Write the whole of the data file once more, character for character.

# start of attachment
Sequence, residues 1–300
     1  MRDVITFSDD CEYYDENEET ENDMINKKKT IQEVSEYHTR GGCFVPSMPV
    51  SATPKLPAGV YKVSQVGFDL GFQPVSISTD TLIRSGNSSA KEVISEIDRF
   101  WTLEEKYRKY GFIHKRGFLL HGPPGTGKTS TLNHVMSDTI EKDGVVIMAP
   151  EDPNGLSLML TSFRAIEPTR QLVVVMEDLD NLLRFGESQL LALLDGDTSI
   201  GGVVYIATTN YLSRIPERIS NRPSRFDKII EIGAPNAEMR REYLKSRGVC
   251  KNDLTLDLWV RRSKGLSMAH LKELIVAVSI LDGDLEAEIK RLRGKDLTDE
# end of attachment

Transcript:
Sequence, residues 1–300
     1  MRDVITFSDD CEYYDENEET ENDMINKKKT IQEVSEYHTR GGCFVPSMPV
    51  SATPKLPAGV YKVSQVGFDL GFQPVSISTD TLIRSGNSSA KEVISEIDRF
   101  WTLEEKYRKY GFIHKRGFLL HGPPGTGKTS TLNHVMSDTI EKDGVVIMAP
   151  EDPNGLSLML TSFRAIEPTR QLVVVMEDLD NLLRFGESQL LALLDGDTSI
   201  GGVVYIATTN YLSRIPERIS NRPSRFDKII EIGAPNAEMR REYLKSRGVC
   251  KNDLTLDLWV RRSKGLSMAH LKELIVAVSI LDGDLEAEIK RLRGKDLTDE